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The other preinstalled apps are pretty basic. The music app will control pause/play/forward/rewind for the music app defined through the companion app. The alarm app, which is only set to 24 HR format and creates the alarm on the Pebble, not the phone itself. The alarm is great if you are wearing the Pebble, but not very useful otherwise, for say waking up in the morning.

As I mentioned, most of the settings are actually in the companion app on your smartphone. The companion app will control connection to the Pebble, installed watch faces, test notifications and notification settings. The test notifications gives you a pretty good idea of how your notifications will appear on the Pebble. Email notifications can just be scrolled through and cleared. SMS notifications are the same way. Phone notifications do allow you to see who is calling and reject a call, but not anything else.

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The settings part of the app is really where the most functionality is controlled.  The top setting is for Bluetooth, which just opens Android Bluetooth settings to pair the device. Next is Notifications. The Notifications section allows you to turn on sending notifications and what notifications to send. Here you can turn on notifications for calls, SMS, calendar, email and/or Gmail, Google Talk & Hangouts, Google Voice, Facebook, and WhatsApp. Other notifications require Android Accessibility settings to be changed. The Pebble app will notify you to make the change when setting up the notifications.

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While on notifications, I’ll voice my annoyance that SMS notifications will only work if you are using the stock Messaging app, Google Hangouts or Google Voice as the default. Any other SMS app like GoSMS or Handsent, which most people who own a Pebble are probably using, will not receive notifications. I am currently trying to use the stock Messaging app or Google Hangouts as my primary SMS app again. So far it is not a problem. However, that first iPhone group message I receive is going to make me realize how much I miss a more robust SMS app. The other annoyance with notifications would be email. You again can only use the stock Email or Gmail apps to get notifications. If you use an app like Good for Enterprise, your email notifications will not appear. Some of these notification issues might be resolved with other apps, but still not ideal.

After setting up notifications, you can also change what music app the Pebble will control. I have mine set to Spotify since it is my primary music app. Having pause/play/forward/rewind available is really great, but volume control would have been nice too.

When I was done setting up my Pebble, I installed Glance for Pebble. Glance is an app that replaced your watch face. It serves as a hub to give a little more functionality. It is available as a companion app from the Play store. After installing on your phone, it will then transfer an app to the Pebble. The companion app on the phone is where everything is configured. It was helpful because it adds more functionality to your watch face such as counters for new email, SMS and missed calls, weather, quick SMS responses and emergency SMS. These are really awesome features and truly expand the usefulness of Pebble. Having quick SMS responses is cool, but I am finding it hard to decide what to have as my quick responses. I’m leaning toward “OK”, “See you soon”, “Bring more beer/wine/whiskey”, or “What are you wearing?” Weather is also rather useful as it gives your current temp and conditions for your location, and you can see upcoming forecast. I strongly suggest installing Glance.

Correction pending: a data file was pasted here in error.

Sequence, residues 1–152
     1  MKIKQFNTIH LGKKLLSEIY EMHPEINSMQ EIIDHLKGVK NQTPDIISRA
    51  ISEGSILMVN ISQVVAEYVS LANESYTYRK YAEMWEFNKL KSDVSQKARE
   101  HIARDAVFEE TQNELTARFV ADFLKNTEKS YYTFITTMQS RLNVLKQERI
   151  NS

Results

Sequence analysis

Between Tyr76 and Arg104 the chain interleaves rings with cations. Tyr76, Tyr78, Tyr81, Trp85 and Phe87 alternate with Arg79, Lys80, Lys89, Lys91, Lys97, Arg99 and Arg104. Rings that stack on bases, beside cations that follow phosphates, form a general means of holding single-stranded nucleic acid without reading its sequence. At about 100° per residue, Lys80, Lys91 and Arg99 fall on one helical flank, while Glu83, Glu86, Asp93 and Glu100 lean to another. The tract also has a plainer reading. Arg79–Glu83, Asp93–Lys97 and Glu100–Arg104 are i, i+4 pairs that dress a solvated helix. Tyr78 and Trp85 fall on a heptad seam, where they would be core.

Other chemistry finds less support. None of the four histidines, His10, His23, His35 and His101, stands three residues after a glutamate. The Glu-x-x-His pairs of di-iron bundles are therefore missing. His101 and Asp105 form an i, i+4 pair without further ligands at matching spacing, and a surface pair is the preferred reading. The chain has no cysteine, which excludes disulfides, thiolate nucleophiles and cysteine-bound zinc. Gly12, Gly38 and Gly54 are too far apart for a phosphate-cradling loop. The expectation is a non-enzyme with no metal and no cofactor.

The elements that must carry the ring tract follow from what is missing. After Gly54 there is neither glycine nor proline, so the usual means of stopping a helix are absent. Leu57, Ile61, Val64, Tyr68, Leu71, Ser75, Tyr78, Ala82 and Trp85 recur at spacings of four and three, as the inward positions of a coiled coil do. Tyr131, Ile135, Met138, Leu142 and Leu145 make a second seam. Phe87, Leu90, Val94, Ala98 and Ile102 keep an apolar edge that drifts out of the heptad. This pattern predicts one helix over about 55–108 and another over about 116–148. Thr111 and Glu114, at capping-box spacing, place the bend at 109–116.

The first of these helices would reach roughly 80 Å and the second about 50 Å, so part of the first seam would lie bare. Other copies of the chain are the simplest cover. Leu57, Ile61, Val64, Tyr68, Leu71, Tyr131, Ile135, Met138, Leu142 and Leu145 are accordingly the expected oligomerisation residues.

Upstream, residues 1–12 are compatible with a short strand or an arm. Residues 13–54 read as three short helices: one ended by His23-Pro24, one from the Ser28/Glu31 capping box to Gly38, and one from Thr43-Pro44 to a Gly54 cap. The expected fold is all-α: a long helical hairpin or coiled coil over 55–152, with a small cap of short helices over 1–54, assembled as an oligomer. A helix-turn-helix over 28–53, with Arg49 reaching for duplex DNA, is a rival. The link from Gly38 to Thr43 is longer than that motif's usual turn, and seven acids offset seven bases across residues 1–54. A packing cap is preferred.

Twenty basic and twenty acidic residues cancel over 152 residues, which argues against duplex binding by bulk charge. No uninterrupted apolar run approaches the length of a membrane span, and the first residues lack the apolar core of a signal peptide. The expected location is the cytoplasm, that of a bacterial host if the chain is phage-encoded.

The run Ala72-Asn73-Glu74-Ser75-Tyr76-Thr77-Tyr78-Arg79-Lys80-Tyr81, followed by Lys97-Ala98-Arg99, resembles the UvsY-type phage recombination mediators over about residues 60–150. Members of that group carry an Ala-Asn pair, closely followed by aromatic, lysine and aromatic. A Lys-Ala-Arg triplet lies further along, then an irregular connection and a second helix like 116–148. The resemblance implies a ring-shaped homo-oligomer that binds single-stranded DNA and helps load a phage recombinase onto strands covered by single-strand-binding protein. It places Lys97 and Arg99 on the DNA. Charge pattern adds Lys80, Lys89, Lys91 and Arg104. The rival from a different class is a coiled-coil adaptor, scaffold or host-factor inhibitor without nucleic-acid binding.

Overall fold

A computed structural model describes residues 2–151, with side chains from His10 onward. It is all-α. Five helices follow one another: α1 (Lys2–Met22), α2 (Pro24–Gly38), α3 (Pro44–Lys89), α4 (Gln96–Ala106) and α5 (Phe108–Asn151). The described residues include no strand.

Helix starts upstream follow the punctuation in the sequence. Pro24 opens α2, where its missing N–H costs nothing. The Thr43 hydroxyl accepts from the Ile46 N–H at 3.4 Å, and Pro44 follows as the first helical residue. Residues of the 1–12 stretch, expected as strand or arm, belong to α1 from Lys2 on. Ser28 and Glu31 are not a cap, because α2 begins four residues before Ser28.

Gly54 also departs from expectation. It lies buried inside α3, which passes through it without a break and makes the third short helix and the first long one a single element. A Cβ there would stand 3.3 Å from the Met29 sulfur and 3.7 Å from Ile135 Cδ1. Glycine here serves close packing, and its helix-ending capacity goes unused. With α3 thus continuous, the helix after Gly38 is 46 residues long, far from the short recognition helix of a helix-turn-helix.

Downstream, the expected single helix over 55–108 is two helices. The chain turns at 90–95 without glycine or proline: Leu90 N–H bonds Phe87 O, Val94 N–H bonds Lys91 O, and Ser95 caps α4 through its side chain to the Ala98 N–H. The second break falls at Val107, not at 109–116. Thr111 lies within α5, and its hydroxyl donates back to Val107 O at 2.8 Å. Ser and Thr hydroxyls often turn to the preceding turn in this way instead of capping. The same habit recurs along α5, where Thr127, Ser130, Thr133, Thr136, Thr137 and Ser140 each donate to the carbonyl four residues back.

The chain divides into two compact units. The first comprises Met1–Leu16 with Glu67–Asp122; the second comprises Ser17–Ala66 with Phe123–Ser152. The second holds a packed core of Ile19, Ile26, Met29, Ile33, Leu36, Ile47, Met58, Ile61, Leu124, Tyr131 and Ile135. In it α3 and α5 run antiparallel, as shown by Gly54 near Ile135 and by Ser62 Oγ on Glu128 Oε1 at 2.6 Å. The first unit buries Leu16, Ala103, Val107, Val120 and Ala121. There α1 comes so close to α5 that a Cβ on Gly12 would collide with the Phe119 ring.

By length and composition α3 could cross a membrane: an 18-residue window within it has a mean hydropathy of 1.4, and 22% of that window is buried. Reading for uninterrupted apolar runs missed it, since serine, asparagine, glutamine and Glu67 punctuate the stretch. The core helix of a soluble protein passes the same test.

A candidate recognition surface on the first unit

After using my Pebble for a few days now, I love getting the notifications on my wrist. Sometimes I see them there before they appear on my phone. Glance strongly improved the usefulness and functionality. The main thing I do not like so far is when using Gmail, it does not mute notifications for Social and Promotion emails. This can be annoying if receiving many promotional emails a day. The other thing I am not liking so far with the Pebble is the inability to delete emails and text messages from the Pebble. You can only ignore them. Another annoyance I have discovered is there is not a good battery monitor and could use a consistent icon showing battery level.

At $150, this doesn’t really break the bank and it is probably worth the cost. I didn’t pay that much for it. Best Buy is doing $30 off for people with an .edu email address or who have access to someone with an .edu address. I also strongly suggest the use of gift cards, credit card points, or guilt your relatives into giving you one. Pebble is definitely a great device with cool features now and a lot of great future potential. My next plans are to upgrade to the new 2.0 firmware and experiment with the 2.0 SDK to unlock some of the functionality Pebble has, but is not currently in much use.